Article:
Indigenous Customs and Protocols

My friend… has said for decades that if she were running a Canadian newspaper, she would treat coverage of Indigenous Peoples and Indigenous issues as a foreign bureau, complete with foreign correspondent and travel budget.

The reporter would be posted to, say, Regina for three years, with the mandate to write about this country’s reserves, isolated and not, about natives, rural and urban, and to move around the country with the same set of fresh eyes and wonder that often distinguishes the best work of a correspondent posted to Beijing or London or Washington.

Only then… would the story of Canada’s natives get the hearing and attention it deserves; only then might it be properly and fully told.

– Christie Blatchford

I don’t see eye-to-eye with everything reporter Christie Blatchford writes about “Canada’s natives” during her rare forays into First Nation communities, but how revealing it is to imagine a reporter on a national or regional Indigenous beat as a foreign correspondent. Not only does it hint at the extra resources required to properly cover isolated Indigenous communities, it helps us appreciate how many reporters feel like fish out of water when visiting them.

Like foreign correspondents, who literally journey to new countries, reporters covering Indian Country may find themselves in places where the language, food, and customs aren’t what they’re used to (and sometimes, in a place that doesn’t have electricity, running water or – gasp! – cell phone coverage). It may feel like a different world. If you’re non-Indigenous, you may feel like an adventurous explorer, or you may feel awkward because you are the minority and you stick out like a sore thumb.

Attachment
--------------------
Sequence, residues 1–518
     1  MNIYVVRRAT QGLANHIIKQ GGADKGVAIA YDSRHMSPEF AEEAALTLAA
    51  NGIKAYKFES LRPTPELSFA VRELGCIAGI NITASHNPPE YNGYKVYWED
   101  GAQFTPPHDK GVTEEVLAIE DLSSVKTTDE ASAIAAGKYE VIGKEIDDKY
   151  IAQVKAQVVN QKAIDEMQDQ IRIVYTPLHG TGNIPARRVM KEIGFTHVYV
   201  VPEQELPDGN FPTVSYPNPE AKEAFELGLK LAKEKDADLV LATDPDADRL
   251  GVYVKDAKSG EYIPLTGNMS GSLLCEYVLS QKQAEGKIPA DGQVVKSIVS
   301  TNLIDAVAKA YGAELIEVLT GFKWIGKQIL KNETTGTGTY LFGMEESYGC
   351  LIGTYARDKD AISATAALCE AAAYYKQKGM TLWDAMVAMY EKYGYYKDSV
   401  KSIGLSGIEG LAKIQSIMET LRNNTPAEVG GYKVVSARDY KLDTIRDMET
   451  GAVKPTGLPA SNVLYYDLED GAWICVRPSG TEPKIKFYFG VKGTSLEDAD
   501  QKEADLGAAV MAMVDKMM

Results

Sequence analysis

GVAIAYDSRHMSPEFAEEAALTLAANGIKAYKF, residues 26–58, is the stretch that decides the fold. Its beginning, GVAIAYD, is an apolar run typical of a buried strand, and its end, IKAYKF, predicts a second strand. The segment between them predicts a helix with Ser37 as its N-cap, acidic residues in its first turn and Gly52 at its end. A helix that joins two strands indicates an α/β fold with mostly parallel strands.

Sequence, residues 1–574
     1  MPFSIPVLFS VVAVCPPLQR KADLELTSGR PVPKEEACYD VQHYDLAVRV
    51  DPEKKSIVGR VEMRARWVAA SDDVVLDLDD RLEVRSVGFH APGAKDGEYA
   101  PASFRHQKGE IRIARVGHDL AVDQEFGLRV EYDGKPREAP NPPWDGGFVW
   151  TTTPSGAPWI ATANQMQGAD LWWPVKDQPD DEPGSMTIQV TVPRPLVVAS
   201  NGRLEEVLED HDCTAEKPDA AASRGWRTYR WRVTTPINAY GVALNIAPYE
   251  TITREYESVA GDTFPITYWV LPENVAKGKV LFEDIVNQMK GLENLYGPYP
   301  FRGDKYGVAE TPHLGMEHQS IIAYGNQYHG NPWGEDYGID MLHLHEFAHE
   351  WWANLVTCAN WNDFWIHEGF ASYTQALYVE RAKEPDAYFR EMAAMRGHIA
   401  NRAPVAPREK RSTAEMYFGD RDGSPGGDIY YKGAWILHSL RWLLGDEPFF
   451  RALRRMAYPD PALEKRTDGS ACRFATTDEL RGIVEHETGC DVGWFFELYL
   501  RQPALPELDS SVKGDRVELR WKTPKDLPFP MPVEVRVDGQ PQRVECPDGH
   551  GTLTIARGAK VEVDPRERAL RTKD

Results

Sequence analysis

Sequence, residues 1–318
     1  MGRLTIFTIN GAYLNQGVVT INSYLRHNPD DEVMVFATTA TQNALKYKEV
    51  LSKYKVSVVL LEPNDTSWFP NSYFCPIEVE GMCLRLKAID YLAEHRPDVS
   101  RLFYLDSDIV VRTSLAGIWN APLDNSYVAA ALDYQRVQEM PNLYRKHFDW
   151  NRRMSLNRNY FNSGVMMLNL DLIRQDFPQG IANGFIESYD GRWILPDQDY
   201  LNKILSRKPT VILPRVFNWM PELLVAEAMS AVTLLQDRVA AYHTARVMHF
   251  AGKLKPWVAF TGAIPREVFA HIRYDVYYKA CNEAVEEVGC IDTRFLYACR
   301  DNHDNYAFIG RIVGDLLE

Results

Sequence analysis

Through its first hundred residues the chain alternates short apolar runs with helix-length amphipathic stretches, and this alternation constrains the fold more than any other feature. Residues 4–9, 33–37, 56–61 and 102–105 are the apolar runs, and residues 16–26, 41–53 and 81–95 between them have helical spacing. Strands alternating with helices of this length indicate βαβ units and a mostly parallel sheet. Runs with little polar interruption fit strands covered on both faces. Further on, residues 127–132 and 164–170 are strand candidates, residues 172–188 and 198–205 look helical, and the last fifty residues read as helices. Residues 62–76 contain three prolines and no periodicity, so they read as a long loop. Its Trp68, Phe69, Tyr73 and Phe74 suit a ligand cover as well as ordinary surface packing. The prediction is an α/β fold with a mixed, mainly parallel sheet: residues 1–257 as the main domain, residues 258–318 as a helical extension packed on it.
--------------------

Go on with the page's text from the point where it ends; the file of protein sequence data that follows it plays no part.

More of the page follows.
How revealing it is to imagine a reporter on a national or regional Indigenous beat as a foreign correspondent.

Oddly enough, journalists are trained to ask questions, but sometimes, cultural differences make us nervous to ask the most important ones.

The thing is, unlike tourists, reporters have the responsibility of finding the “truth” about this place — and relating it to the rest of the world.

That’s why it’s important to acknowledge all journalists have biases, and we bring them to work everyday. They show up in our story choices, how we frame those stories, and decisions we make about what words, pictures and video to include.


In this section, I’ll explain some common Indigenous customs, and offer tips on how to navigate them. Just as a foreign correspondent relies on a “fixer” to help translate local language and customs, your travels in Indian Country will run more smoothly if you have a trusted adviser who can explain why that old guy expects payment for the use of his ski-doo, or what to do when you’re invited to a feast. After all, the Lone Ranger didn’t go far without his faithful Indian guide.

Here’s the bottom-line on Indigenous customs and protocols: if you’re ever unsure about your interpretation of an Indigenous custom, or whether it’s appropriate to participate in, write about, or record, a ceremony, dance or song, ask your host. He or she will appreciate your care and concern (though you may well get teased for it.)

[If you’re looking for extracurricular reading on cross-cultural matters, I found “Working Effectively with Indigenous Peoples,” by Robert and Cynthia Joseph quite helpful. It offers common sense approaches to working in Indigenous communities in a corporate setting:

Participating in Ceremonies/Feasts

As a reporter in Indian Country, it won’t be long before you come across spiritual ceremonies. From sweat lodges to sun dances, memorial feasts to spirit dancing, different First Nations have different ceremonies – and they’re an important contemporary connection to ancient cultural traditions.


To Indigenous Peoples, ceremony is about community; ceremony is a way to acknowledge the interconnectedness of everything; ceremony is how values and beliefs are taught and reinforced.